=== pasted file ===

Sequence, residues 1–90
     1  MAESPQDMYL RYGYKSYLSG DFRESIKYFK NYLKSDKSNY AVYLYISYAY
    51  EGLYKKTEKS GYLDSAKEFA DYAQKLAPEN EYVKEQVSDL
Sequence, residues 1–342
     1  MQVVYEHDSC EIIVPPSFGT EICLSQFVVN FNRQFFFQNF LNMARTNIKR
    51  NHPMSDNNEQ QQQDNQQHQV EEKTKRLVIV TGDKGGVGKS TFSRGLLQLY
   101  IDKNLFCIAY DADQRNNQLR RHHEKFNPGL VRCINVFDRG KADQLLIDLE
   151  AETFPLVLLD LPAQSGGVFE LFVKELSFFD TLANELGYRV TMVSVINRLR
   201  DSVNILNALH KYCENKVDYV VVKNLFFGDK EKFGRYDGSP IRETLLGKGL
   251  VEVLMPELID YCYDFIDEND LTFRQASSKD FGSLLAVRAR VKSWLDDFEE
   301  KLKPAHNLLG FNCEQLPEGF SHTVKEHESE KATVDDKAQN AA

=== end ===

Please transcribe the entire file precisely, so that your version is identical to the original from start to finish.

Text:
Sequence, residues 1–90
     1  MAESPQDMYL RYGYKSYLSG DFRESIKYFK NYLKSDKSNY AVYLYISYAY
    51  EGLYKKTEKS GYLDSAKEFA DYAQKLAPEN EYVKEQVSDL
Sequence, residues 1–342
     1  MQVVYEHDSC EIIVPPSFGT EICLSQFVVN FNRQFFFQNF LNMARTNIKR
    51  NHPMSDNNEQ QQQDNQQHQV EEKTKRLVIV TGDKGGVGKS TFSRGLLQLY
   101  IDKNLFCIAY DADQRNNQLR RHHEKFNPGL VRCINVFDRG KADQLLIDLE
   151  AETFPLVLLD LPAQSGGVFE LFVKELSFFD TLANELGYRV TMVSVINRLR
   201  DSVNILNALH KYCENKVDYV VVKNLFFGDK EKFGRYDGSP IRETLLGKGL
   251  VEVLMPELID YCYDFIDEND LTFRQASSKD FGSLLAVRAR VKSWLDDFEE
   301  KLKPAHNLLG FNCEQLPEGF SHTVKEHESE KATVDDKAQN AA